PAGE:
Programming with GPIO


#1

My CHIP doesn’t arrive until next month, but I’m trying to learn what I can before it arrives.

I have read through the documentation page and it said there was a Python library for GPIO was “in development.” And that is about all I can find about it on the website. Would it be possible to get a preview on how development is progressing?


Serial Pulse Input?
#2

We are currently porting libsoc and Wiring Pi. If you look up examples of using those systems, it should work the same.

In the meantime, check out one of our projects on Hackster.io to get something working with Python and no other libraries required.


#3

I’ve noticed many people referencing this post as “definitive” for the announcement of WiringPi being ported to CHIP. Is there any way we can be subscribed to updates on when this happens? It’s the main thing I’m waiting on before doing any real work with mine.


#4

There are a couple of python libraries available:

First there is my port of the Beaglebone Black GPIO code to the CHIP: CHIP IO: Library for interfacing with all the things (v0.7.1)

Second, there is my port of the Adafruit GPIO library to the CHIP, read the post carefully as it requires CHIP_IO to work: Adafruit GPIO Library for CHIP

Thirdly, there is a more arduino like python library that currently only supports GPIO on the XIO pins: I wrote a GPIO "library" for Python you guys can use!


#5

No offense, but those links are for python libraries and they have little to do with WiringPi.

I too am waiting for wiringPi because of a project I contribute to. We use wiringPi for SPI in addition to basic GPIO, not to mention wiringPi is a C api, not python. Python isn’t useful for my project as we drive many outputs at high speed using C/C++. I’m also interested in any libraries that will handle PWM output, specifically for driving LED panels that use the HUB75 connectors (P10 panels).

I’d love to port more features to the CHIP as we’ve been adding support for more and more SBCs.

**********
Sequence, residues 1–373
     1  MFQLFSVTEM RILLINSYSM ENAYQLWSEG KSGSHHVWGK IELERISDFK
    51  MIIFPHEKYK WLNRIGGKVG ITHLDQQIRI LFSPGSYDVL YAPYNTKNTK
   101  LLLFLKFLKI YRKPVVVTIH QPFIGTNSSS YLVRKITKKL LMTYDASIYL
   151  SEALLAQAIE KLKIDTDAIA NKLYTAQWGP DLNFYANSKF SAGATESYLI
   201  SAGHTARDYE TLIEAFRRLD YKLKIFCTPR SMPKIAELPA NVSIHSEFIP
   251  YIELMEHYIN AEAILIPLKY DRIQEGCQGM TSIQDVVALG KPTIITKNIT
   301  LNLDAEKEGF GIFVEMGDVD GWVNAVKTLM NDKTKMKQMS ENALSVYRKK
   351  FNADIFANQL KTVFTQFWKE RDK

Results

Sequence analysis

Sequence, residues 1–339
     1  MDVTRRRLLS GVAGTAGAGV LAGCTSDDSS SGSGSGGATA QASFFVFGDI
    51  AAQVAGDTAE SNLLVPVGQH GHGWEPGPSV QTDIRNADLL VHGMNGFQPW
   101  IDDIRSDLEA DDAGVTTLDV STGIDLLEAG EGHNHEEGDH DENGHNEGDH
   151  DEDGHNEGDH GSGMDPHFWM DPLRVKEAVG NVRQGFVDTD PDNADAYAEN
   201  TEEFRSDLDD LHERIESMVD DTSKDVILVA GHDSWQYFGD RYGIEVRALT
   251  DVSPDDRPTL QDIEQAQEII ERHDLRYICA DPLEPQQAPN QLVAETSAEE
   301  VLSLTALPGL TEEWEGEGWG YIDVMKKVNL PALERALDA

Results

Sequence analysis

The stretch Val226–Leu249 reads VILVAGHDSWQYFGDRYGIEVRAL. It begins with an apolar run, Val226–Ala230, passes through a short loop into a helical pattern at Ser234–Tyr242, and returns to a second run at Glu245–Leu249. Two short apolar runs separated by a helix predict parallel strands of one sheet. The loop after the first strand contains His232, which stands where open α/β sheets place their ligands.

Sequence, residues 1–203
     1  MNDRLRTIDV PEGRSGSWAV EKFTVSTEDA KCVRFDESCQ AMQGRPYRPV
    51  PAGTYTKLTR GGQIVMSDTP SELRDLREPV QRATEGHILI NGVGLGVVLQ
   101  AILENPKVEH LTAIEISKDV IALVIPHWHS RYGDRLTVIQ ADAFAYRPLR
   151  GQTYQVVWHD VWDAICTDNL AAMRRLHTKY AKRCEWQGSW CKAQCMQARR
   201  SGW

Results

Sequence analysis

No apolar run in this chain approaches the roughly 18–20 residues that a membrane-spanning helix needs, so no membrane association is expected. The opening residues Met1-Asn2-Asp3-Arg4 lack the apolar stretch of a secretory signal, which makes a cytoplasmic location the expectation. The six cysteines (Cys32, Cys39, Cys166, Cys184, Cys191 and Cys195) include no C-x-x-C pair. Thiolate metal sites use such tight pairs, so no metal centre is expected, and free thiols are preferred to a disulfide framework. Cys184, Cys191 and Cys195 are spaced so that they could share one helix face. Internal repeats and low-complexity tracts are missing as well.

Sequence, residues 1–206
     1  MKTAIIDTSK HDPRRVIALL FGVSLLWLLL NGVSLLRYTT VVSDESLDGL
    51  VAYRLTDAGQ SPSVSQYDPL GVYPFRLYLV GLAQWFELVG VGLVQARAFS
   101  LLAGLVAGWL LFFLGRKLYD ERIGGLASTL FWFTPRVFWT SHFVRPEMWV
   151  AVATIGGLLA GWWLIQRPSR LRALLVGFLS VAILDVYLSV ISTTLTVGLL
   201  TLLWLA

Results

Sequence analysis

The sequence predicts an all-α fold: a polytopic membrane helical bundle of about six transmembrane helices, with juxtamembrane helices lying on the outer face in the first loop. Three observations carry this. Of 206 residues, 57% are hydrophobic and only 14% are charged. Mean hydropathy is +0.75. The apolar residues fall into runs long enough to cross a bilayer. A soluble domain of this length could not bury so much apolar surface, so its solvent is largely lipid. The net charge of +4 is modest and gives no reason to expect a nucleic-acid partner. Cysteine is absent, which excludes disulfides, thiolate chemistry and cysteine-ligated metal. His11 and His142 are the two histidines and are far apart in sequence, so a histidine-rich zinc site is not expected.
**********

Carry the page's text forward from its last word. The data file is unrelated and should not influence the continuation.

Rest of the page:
#6

gpio pins are not working. i have attached a LED to the pin and ground.

did export gpio423
cd /sys/classes/gpio/gpio423
echo 1 > value is not doing LED on.
please help me
thanks in advanced


#7

EDIT: Wait 423 isn’t even a GPIO is it? the XIOs go are 408-415 only The SOC pins are gpio 0-196.

If this GPIO was on the XIO chip, this chip can only source 10uA which isn’t enough to light an LED (which need over 100x that). You can either reverse your polarity so the XIO is actually sinking the current from the LED, and then echo 0 > value to turn it on:

+3.3V -> LED -> Current Limiting Resistor (330 ohm?) -> GPIO423

or you can use one of the SOC’s gpios which can source a little more current I believe, but you’ll still need the current limiting resistor.


#8

@Materdaddy I agree that my code is not wiringPi, I presented it as an interim option. My CHIP_IO code is C underneath the Python, there is nothing stopping you from pulling the PWM code out of that and using it in your project.

Currently PWM and SPI require decive tree updates to work. I have no control right now of what NTC puts in their kernel, my theory for them shipping the kernel they did was to make delivery dates and update it in the future (I got mine in December). Right now, my kernel provides a PWM device that I can configure with my code. If you need SPI and PWM, there are threads that detail how to get them in the dts.

NTC is working hard on the kernel right now, I am monitoring their github and have learned I will have to change my code for PWM once the 4.4 kernel drops. I’m hoping that SPI will just be handled by Linux spidev.


#9

thanks CapnBry…:slight_smile:


#10

Yes, SPI can be handled through SPIdev.


#11

Any status on porting WiringPi over to CHIP? Maybe a roadmap and/or github issue to subscribe to?


#12

I too am interested in learning about C language equivalents of wiringPi. Any news would be wonderful. A reference to a Git repository would be ideal.